A major point of contention in the film industry revolves around streaming services withholding data. The lack of transparency makes it difficult to verify the success of indie films on platforms like Netflix. This leads to fewer acquisitions of such films. Eugene Hernandez, director of the Sundance Film Festival, acknowledged the challenging sales environment at Sundance, reflecting the overall difficult market.

In an email exchange with a well-respected documentary industry producer, Poh Si Teng, the Executive Editorial Producer of ABC News Studio, expressed the reality of the documentary industry in 2023. “It’s frustrating indeed. Our industry as a whole is not faring well,” she said. Poh Si Teng also told me in a phone conversation that even award-winning documentary filmmakers and other established directors were having problems getting projects green-lit.

Further impact on the industry

The pandemic also brought to the forefront other important topics that hadn’t been properly addressed in years past. That included the mental health of documentary filmmakers. Plus, the isolation and anxiety caused by the pandemic prompted a surge in documentaries addressing mental health issues.

The way business was conducted changed during the pandemic. Zoom calls became the preferred method for business and collaboration. Virtual and hybrid festivals became the norm. These tools were effective for ensuring safe social distancing. However, it quickly became evident to those in documentary filmmaking that in-person festivals and markets are a better way of doing business.

The pandemic also reshaped the narratives documentaries explored, bringing critical issues to the forefront of public consciousness. Changes in production methods, film festivals, funding sources and ethical considerations all played a role in redefining documentary filmmaking in this new era.

The road ahead: Resilience and adaptation

The COVID-19 pandemic has left an indelible mark on the documentary filmmaking industry. From production challenges and financial struggles to shifts in storytelling and digital transformation, the industry has had to adapt in unprecedented ways.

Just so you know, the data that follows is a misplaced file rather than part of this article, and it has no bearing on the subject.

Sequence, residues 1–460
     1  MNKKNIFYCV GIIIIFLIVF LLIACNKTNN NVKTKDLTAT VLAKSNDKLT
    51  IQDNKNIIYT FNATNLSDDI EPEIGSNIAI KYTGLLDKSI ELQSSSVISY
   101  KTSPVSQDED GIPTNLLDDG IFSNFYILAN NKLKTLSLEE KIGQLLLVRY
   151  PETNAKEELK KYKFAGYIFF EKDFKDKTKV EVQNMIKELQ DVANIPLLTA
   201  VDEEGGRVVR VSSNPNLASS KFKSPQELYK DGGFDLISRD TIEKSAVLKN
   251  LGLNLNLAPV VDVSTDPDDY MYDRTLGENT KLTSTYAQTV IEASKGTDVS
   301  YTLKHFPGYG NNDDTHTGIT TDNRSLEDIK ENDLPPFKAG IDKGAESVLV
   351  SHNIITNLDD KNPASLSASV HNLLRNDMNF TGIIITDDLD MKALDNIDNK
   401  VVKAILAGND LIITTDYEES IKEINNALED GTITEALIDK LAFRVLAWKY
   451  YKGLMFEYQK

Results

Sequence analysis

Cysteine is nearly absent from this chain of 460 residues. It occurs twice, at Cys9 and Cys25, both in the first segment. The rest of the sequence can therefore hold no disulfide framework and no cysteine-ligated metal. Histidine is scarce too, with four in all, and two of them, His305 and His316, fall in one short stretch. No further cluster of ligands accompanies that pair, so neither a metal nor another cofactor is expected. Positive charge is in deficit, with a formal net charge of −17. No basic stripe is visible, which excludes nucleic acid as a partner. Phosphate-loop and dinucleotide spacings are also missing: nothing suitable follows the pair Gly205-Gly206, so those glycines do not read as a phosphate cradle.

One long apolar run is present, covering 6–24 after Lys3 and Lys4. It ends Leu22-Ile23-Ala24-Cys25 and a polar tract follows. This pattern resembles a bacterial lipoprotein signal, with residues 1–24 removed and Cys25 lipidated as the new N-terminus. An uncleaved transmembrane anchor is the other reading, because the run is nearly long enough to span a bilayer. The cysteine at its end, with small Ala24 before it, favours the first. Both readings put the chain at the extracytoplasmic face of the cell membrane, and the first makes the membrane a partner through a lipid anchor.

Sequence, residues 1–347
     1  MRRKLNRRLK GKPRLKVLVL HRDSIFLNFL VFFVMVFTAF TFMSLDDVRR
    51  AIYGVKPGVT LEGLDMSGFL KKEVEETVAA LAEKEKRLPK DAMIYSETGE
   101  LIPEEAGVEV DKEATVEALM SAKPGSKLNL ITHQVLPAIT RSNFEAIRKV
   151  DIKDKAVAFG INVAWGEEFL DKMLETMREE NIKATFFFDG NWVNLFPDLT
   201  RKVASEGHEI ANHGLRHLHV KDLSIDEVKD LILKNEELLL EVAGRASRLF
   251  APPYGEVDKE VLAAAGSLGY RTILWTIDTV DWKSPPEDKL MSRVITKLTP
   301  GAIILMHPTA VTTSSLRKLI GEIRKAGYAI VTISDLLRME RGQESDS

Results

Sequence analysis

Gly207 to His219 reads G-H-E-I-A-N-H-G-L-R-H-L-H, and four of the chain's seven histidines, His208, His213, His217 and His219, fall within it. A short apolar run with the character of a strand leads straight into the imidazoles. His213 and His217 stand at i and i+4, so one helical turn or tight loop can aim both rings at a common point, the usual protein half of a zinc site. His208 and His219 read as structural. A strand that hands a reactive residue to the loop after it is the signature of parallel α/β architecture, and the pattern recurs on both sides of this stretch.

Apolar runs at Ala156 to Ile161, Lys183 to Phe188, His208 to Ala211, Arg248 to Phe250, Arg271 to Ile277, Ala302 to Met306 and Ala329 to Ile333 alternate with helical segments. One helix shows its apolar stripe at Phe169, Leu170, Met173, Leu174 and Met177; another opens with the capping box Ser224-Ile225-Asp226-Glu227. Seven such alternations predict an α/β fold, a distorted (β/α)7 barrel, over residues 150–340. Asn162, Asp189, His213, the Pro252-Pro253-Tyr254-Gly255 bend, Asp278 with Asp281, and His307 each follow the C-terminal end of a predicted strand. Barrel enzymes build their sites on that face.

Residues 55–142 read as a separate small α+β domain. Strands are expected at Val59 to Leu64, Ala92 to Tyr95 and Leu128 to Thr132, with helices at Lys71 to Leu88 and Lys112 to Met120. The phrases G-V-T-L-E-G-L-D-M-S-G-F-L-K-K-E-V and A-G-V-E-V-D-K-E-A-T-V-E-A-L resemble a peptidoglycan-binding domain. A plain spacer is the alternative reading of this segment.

While the road ahead remains uncertain, one thing is clear: documentary filmmakers have demonstrated resilience, creativity and a commitment to capturing the human experience, even in the most challenging of times.

The lessons learned during this challenging time will undoubtedly shape the future of documentary filmmaking, ensuring it remains a vital medium for shedding light on the most pressing issues of our time. The reality is that the documentary film industry is constantly changing. The pandemic forced everyone out of their comfort zones.

Film festivals and format shifts were accelerated. Panels went online. Festivals became hybrid with in-theater showings and online screenings. The model for theatrical documentaries and theater-going in general never returned to its pre-pandemic attendance, but this may be more a sign of the digital times than a result of the pandemic.

The current state of documentary filmmaking

The current state of documentaries in 2023 is similar to what it was pre-pandemic. Getting picked up by Netflix or another major streamer remains extremely challenging. However, the number of documentaries entering the mainstream seems to be on the rise, thanks to all the streaming options and the increasing demand for content. There’s a focus on celebrity documentaries and true crime docs because investors feel these types carry the least risk. Small, personal documentaries often struggle to gain recognition.

There are more documentary outlets than ever, but breaking through to the gatekeepers remains an uphill battle. The pandemic may have exacerbated this challenge for indie documentary filmmakers.

Making a living in documentary filmmaking

Making a living as a documentary filmmaker seems as challenging as making it to the NBA. Still, while the golden age of documentaries may have ended, there are more platforms to watch documentaries than ever before. More choices mean more opportunities.

An old filmmaker friend and famous music video director, Mark Klasfeld, once told me, “Don’t get into documentary filmmaking if you want to be rich.” Post-pandemic, this advice couldn’t be more true.

Landon Dyksterhouse
Landon Dyksterhouse
Landon Dyksterhouse is an award-winning documentary filmmaker and is the founder of D-House Entertainment.

Related Content